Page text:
As for the power, here we go. Xcode is an IDE or Integrated Development Environment. This means it has everything you need to develop integrated into its environment. That is why there are so many things on the screen.

Other than the editor component, located in the center of the window, there are three other sections. Under the View menu you can find Navigators, Debug Area, and Utilities. Moving forward, we will reference these areas as the Navigator Area, the Debug Area, and the Utility Area. These areas are referenced Left to Right, where the Debug Area is actually under the editor and currently disabled. The first time you run your project, the Debug Area might choose to pop up. Let's do that now, and see what happens.

  1. Run the project by clicking the Play button on the top left of the project window.
  2. The first time you run something with debugging in Xcode, you will see a dialog like this, asking for your computer password. This is necessary for debugging. Debugging password request

You should see the iOS Simulator launch, and our exciting app (a blank white screen) is there in all of its retina perfection.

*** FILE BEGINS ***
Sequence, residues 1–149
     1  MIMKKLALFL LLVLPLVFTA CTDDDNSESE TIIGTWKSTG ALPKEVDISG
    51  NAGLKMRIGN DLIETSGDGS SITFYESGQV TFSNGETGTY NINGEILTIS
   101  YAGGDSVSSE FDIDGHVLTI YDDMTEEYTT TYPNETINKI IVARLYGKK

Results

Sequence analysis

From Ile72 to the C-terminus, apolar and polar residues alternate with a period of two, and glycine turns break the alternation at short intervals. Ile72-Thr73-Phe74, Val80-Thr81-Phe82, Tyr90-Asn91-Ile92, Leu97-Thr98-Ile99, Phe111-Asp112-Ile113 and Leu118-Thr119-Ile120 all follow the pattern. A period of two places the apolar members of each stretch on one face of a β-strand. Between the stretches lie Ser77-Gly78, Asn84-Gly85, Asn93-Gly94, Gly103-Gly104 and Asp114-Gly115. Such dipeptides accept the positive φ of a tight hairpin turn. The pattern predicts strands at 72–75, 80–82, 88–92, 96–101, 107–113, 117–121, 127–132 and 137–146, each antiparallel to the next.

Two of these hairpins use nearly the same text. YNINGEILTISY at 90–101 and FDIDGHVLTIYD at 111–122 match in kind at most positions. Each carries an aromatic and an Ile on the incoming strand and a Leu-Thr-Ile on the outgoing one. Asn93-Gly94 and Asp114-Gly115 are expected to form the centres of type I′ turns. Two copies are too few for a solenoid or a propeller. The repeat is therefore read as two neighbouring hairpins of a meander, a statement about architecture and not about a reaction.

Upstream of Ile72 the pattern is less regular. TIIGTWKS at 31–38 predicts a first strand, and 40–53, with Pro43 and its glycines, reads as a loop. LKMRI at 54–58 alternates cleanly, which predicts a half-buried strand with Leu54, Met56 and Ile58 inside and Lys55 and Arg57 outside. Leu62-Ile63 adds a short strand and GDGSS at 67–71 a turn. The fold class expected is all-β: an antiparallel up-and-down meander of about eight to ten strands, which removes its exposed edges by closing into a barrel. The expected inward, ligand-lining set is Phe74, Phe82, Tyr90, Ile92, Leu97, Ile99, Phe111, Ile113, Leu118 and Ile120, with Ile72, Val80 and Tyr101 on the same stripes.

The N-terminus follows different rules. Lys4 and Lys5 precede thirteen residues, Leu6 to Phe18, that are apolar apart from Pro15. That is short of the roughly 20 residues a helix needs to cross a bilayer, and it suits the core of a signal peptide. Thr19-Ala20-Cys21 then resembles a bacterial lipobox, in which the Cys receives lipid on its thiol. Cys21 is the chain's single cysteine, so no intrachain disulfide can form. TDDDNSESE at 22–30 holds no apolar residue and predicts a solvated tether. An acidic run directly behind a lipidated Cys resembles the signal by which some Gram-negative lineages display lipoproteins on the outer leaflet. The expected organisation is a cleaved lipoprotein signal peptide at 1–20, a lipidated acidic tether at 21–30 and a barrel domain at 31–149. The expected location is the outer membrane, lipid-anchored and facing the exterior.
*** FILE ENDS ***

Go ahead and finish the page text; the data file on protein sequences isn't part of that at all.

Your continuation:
But what about our Xcode window. Nothing changed? Hmm. Thats interesting. Here's why: Apple is notorious for the polish they put into their products. But when you are a developer, you need power. There is a trade-off here, and it makes for an important lesson. The default settings for Xcode will show the debugger as needed. When you are done with it, you have to hide it yourself, but if you are using the screen built into your MacBook and not a larger monitor, all of these things will overwhelm the area where you are actually working. There are multiple ways to do this. One is the Behaviors section in the Preferences, and the other is manually toggling these sections. If you ever find a time where one of the sections, covered in this tutorial, changes or pops-up automatically, that is considered a behavior of Xcode and can be edited by opening the Preferences menu -> Behaviors -> Running -> Generates Output. Preferences -> Behaviors -> Running -> Generates Output